The process to prepare single-wall carbon nanotube (SWCNT) solutions with a good degree of dispersion of individually isolated SWCNTs and very thin SWCNT bundles was optimized. The SWCNT-dispersion solutions are so stable that they can be stored and used repeatedly for some period of time.

Typical AFM images of SWCNT Films on Substrates: (a) single spin-coating using dispersion, and after repeating spin-coating 100 times on (b) glass and (c) PET. The scale bar is 1 mm.
The thin-film casting by spin-coating resulted in SWCNT films with uniform sheet resistance and visible-light transmittance. With the control of the spin-coating conditions, the researchers were able to control the thickness, sheet resistance, and visible-light transmittance with the general trend that the reduction of sheet resistance requires the sacrifice of visible transmittance. Further reduction of the sheet resistance with a limited sacrifice of visible-light transmittance was achieved through the treatment of SWCNT films with nitric-acid. For example, the sheet resistance of 85 W/sq and the transmittance of 80% (@ l = 550 nm) were measured from the 40-nm-thick SWCNT on a polyethylene terephtalate (PET) substrate. Moreover, the repetition of the HNO3 treatment and thermal annealing has the extra benefit of the improved adhesion of SWCNT films to substrates.

Another process that was developed for more efficient reduction of the sheet resistance was the combination treatment of SWCNT films with HNO3 and SOCl2. This new process turned out to be more stable against undesired increase of the sheet resistance due to the inevitable heating that the SWCNT would experience during the organic light emitting diode (OLED) fabrication. It appears that the doping and dedoping effects are more prominent in the combination treatment with HNO3 and SOCl2, as evidenced by the suppression and recovery of the van Hove singularities in response to the combination treatment and heating.

More evidence for the anodic doping (electron withdrawal) due to the combination treatment was found from the resonance Raman scattering. The distinct Raman modes of some semiconducting SWCNTs that appeared strong because of the resonance of the excitation energy (1.15 eV) with the S22 transition became substantially weak after the HNO3-SOCl2 combination treatment.

One of the key process steps for OLED fabrication on SWCNT electrodes is the anode patterning. Through systematic investigation of photolithography and oxygen plasma etching processes, process parameters were optimized to pattern the SWCNT films into desired anode patterns without the contamination, delamination, and sheet-resistance increase.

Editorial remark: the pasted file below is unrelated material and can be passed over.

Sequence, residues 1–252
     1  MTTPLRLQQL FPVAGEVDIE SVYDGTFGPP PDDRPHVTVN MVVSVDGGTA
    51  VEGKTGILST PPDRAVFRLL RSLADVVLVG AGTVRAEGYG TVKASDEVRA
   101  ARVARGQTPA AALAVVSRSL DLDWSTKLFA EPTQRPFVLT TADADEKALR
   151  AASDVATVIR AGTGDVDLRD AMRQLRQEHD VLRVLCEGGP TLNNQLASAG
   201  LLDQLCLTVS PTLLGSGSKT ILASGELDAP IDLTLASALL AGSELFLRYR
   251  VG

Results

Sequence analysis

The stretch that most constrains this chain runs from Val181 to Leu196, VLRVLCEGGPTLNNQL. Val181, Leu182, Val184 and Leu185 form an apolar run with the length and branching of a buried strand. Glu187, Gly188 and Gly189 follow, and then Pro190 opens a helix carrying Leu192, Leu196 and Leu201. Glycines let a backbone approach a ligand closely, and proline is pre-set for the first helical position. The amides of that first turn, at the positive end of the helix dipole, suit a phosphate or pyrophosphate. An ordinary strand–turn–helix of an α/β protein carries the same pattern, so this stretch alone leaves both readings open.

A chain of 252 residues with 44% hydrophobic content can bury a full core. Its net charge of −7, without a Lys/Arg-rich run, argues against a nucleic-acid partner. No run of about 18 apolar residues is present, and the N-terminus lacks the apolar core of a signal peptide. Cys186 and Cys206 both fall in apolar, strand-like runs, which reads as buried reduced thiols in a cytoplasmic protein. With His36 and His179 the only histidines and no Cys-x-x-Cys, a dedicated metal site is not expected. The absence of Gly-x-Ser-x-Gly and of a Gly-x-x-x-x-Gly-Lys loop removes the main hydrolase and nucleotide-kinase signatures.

Another important issue related to the SWCNT anode is how to overcome the surface roughness; in particular, very large peak-to-valley height variation. This problem was solved by using a PEDOT:PSS hole-injection layer for the planarization. OLEDs with the structure of SWCNT-anode/PEDOT:PSS(90nm)/ NPB(200nm)/Alq3(40nm)/LiF(1nm)/Al(100nm) were successfully fabricated. The operation of such a device showed that the performance of a green-emitting OLED based on the SWCNT anode is comparable to that of more conventional green-emitting OLEDs fabricated on ITO anodes.

SWCNT-network films were cast on either glass or flexible PET substrates using a spin coater. The number of spin-coatings was one of the important process parameters to control the sheet resistance and the visible transmittance of SWCNT films. To cast SWCNT films on PET substrates, proper-size PET pieces were attached to glass backing plates using double-sided adhesive tapes to prevent bending and sliding of PET substrates during spin-coating operation. In the case of casting on glass substrates, 3-aminopropyl triethoxysilane was used to improve the adhesion between SWCNT films and the glass substrates. First, 1 wt% solution of 3-aminopropyl triethoxysilane was dropped on the glass substrate and left set for 5 minutes. Next, the excess 3-aminopropyl triethoxysilane solution was removed by spinning and thoroughly rinsing the substrates prior to the SWCNT-film casting.

The conventional photolithography technique was used to form patterned SWCNT anodes. The exposed areas of the SWCNT films were easily removed by using a radio-frequency oxygen-plasma (40 s, 100 mTorr, 100mW), whereas the PR-coated areas remained intact. Acetone-rinsing to remove the protective PR after the reactive ion etching induced no degradation to the SWCNT anodes. For OLED fabrication, a PEDOT:PSS layer was deposited by spin coating, and then NPB, Alq3, LiF, and Al layers were evaporated at the pressure of 110-6 torr. All the fabrication steps were performed in a glovebox with a thermal evaporator directly connected to it. The fabricated OLEDs were hermetically sealed by glass encapsulations with getters before being taken out from the glovebox for current-luminance voltage measurements.

Selection of dispersion medium and ultrasonication conditions, such as power, frequency, and time, are important process parameters to make stable, good-quality SWCNT dispersion solutions. Preparation of good CNT dispersion soluions, without cutting CNTs too short due to excessive ultrasonication, is essential for the successful fabrication of CNT electrodes with low sheet resistance and high visible-light transmission. Through an extensive search for optimal process conditions, dispersion solutions were created that contained less bundled and individually separated micrometer-scale SWCNTs.

This work was done by Soon Il Lee of Ajou University, South Korea, for the Asian Office of Aerospace Research and Development. AFRL-0155


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Fabrication of transparent CNT films for OLED application

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This article first appeared in the June, 2011 issue of Defense Tech Briefs Magazine.

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